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Researchers: Modern-day flu strain a “near-replica of 1918 flu virus”

INDIANAPOLIS (WISH) – In new, first-of-its-kind research, scientists discovered the H1N1 flu, also known as the swine flu, has a molecular makeup strikingly similar to the strain of avian influenza that caused the 1918-1919 Spanish flu pandemic.

The 1918 Spanish flu pandemic was responsible for taking the lives of approximately 675,000 Americans and 50 million people worldwide. 

The deadly H1N1 swine flu outbreak occurred in 2009, but the strain still exists today.

Researchers from Berlin assessed tissue from 11 preserved lungs between 1913 and 1920. All of them were from people who died of avian flu. 

They then compared those samples to lung tissue of people infected with the swine flu. Results showed that three out of the eight gene segments that make up the swine flu are the same as the avian flu.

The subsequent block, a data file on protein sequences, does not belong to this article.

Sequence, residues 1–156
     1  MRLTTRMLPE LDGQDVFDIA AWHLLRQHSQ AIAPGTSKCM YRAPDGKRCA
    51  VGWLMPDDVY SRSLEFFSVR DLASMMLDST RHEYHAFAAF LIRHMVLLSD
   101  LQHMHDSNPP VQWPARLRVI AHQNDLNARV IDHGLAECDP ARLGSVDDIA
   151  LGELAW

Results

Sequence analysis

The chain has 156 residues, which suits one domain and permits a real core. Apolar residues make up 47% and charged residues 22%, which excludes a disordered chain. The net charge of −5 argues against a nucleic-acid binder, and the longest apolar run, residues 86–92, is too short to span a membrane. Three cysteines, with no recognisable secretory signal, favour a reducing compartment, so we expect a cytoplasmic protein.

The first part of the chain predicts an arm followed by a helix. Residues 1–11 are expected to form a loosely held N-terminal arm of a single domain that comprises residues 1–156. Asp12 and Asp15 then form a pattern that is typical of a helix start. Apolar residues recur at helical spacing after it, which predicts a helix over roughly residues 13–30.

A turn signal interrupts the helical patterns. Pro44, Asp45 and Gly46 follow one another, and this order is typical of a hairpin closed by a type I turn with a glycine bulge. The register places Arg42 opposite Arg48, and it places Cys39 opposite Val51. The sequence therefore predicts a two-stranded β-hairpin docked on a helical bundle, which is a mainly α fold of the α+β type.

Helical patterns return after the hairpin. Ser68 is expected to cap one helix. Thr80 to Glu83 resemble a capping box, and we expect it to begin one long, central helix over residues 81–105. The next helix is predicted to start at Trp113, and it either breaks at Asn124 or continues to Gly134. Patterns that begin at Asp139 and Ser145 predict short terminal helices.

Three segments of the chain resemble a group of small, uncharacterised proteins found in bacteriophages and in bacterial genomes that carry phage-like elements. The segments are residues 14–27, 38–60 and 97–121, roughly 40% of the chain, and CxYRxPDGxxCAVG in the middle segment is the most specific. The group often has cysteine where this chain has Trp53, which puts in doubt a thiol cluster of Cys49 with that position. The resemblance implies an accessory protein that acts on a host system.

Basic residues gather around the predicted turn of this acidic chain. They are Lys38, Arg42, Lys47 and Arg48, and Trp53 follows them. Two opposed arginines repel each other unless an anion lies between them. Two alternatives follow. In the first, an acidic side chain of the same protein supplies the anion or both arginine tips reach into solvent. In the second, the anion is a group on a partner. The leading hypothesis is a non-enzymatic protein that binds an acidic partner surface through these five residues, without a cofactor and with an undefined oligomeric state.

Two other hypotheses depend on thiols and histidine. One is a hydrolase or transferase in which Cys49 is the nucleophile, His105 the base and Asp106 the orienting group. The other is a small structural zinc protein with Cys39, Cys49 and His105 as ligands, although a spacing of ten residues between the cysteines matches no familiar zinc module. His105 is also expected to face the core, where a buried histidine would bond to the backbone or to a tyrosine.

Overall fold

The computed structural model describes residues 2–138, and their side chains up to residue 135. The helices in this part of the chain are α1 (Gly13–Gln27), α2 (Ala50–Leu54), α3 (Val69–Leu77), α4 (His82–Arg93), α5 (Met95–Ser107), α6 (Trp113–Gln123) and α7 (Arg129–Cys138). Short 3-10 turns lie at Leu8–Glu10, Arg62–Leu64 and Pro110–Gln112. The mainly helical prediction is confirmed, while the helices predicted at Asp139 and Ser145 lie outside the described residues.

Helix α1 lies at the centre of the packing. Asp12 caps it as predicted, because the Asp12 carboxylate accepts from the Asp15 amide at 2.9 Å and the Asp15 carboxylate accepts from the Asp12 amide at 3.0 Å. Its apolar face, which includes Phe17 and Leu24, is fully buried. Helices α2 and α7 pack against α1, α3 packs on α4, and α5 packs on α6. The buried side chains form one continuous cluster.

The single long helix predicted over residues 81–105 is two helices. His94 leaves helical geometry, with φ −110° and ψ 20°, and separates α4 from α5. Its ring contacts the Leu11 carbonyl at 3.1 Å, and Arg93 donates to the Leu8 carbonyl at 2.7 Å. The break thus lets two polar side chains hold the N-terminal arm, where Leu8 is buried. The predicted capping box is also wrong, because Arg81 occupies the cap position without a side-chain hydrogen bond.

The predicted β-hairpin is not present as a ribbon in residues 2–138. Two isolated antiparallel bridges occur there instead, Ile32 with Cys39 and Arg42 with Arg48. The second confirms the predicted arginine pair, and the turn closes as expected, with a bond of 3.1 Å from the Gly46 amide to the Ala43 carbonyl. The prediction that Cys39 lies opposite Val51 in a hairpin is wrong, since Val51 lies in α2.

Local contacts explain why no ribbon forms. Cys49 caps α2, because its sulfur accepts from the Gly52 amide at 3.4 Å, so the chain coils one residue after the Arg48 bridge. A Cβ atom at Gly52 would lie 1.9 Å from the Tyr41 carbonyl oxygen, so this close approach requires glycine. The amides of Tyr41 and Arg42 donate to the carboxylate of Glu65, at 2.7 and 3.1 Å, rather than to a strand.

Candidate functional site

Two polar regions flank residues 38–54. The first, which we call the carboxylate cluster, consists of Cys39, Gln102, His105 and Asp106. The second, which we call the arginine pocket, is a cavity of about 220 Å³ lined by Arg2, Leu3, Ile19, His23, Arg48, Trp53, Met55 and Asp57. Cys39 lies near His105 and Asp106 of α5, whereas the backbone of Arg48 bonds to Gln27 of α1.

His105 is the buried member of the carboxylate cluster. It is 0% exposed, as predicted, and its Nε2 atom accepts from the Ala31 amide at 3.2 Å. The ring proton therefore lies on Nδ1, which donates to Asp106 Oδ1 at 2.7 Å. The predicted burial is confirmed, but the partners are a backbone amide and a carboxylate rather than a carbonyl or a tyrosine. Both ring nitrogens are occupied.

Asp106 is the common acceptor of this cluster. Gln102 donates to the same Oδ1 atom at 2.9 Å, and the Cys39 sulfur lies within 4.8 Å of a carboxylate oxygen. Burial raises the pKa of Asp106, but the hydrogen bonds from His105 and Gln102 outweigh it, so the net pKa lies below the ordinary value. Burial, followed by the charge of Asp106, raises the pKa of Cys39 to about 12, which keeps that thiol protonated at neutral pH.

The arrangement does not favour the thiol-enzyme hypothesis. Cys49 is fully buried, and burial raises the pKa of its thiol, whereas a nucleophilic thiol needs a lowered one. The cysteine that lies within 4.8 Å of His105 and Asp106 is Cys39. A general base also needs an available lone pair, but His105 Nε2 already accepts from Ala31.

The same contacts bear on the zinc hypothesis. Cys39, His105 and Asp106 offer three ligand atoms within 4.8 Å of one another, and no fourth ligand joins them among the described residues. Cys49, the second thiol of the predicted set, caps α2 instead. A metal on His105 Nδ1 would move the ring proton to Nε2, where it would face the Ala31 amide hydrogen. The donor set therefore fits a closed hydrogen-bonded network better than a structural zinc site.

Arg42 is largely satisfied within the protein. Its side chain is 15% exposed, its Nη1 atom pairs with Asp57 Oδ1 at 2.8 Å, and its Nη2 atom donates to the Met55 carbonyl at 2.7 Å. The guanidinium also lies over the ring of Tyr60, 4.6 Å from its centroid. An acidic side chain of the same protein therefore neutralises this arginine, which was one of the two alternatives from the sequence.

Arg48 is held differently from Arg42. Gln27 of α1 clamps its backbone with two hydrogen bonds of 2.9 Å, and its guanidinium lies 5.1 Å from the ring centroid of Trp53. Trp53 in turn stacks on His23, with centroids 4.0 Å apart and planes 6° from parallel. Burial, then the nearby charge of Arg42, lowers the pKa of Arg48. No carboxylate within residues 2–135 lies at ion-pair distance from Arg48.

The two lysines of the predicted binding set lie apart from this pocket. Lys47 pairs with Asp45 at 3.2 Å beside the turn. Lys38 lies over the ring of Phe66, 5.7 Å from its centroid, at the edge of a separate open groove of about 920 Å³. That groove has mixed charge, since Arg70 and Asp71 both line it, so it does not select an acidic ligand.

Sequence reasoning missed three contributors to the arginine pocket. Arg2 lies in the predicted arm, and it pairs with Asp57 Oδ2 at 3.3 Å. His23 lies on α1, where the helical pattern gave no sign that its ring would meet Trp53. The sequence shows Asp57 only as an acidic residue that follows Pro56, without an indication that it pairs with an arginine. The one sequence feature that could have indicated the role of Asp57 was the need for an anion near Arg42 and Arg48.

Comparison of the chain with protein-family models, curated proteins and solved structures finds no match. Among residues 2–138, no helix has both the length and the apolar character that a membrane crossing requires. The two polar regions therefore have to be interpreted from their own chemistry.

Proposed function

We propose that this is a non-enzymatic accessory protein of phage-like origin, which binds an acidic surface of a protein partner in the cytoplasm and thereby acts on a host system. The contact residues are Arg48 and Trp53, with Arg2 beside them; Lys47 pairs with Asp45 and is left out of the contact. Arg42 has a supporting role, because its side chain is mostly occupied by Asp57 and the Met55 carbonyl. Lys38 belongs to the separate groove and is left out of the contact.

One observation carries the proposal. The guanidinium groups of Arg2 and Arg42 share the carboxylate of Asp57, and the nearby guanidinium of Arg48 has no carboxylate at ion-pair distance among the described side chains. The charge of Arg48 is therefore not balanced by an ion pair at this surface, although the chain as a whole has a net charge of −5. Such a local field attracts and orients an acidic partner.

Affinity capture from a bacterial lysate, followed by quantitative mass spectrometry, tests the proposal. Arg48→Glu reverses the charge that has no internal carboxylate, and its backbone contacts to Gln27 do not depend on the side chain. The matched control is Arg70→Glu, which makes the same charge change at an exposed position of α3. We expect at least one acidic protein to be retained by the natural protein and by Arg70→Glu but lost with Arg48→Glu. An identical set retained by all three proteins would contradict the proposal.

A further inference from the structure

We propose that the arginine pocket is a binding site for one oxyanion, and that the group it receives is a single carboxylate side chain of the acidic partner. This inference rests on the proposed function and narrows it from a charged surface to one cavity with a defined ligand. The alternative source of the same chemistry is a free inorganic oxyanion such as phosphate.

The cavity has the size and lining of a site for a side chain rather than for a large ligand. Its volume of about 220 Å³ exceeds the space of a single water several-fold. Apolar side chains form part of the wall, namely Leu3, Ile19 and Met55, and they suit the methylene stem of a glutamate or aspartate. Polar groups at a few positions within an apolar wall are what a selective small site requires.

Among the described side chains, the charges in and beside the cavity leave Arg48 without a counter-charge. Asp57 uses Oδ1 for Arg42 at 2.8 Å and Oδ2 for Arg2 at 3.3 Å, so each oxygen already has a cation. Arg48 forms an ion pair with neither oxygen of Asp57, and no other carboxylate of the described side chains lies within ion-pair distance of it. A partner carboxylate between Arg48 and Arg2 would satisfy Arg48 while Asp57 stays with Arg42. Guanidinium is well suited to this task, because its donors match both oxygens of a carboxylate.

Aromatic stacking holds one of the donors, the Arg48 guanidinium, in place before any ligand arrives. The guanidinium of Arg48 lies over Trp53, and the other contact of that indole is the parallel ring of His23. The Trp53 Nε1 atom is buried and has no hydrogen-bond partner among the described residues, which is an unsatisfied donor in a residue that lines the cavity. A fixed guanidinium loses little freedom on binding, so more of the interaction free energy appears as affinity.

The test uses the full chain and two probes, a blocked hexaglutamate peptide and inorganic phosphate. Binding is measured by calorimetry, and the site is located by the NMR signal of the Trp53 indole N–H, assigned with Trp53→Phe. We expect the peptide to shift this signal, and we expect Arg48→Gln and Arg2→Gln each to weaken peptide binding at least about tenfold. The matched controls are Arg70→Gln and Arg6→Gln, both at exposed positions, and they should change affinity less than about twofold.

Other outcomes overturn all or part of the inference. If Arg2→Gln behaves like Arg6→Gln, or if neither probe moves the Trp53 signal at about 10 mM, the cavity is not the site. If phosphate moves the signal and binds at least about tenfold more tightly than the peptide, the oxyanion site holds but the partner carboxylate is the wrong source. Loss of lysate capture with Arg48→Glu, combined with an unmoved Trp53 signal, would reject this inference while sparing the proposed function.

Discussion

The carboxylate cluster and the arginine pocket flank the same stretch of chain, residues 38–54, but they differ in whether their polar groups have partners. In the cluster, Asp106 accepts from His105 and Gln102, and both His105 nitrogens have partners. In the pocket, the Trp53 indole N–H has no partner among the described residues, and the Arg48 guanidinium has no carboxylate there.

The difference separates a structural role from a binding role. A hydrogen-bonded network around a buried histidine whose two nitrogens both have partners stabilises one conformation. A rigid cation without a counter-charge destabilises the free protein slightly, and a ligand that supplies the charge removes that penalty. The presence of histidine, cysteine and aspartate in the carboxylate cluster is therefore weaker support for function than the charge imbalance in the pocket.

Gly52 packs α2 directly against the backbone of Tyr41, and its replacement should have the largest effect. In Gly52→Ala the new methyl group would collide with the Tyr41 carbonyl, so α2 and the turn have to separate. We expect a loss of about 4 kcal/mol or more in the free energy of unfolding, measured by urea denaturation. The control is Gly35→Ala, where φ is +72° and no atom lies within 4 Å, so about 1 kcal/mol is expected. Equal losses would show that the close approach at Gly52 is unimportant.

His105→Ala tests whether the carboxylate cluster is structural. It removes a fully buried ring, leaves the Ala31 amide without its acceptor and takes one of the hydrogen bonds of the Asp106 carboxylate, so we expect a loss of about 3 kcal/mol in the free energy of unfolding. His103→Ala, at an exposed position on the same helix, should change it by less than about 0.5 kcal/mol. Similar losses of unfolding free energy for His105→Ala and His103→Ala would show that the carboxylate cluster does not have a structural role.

Because the two are clustered together, the swine flu is continuing to evolve–possibly becoming more virulent.  

Scientists at the CDC have assessed over 700,000 flu specimens collected during the current flu season. Of the samples that tested positive for influenza, the swine flu made up just 0.1 percent of all infections.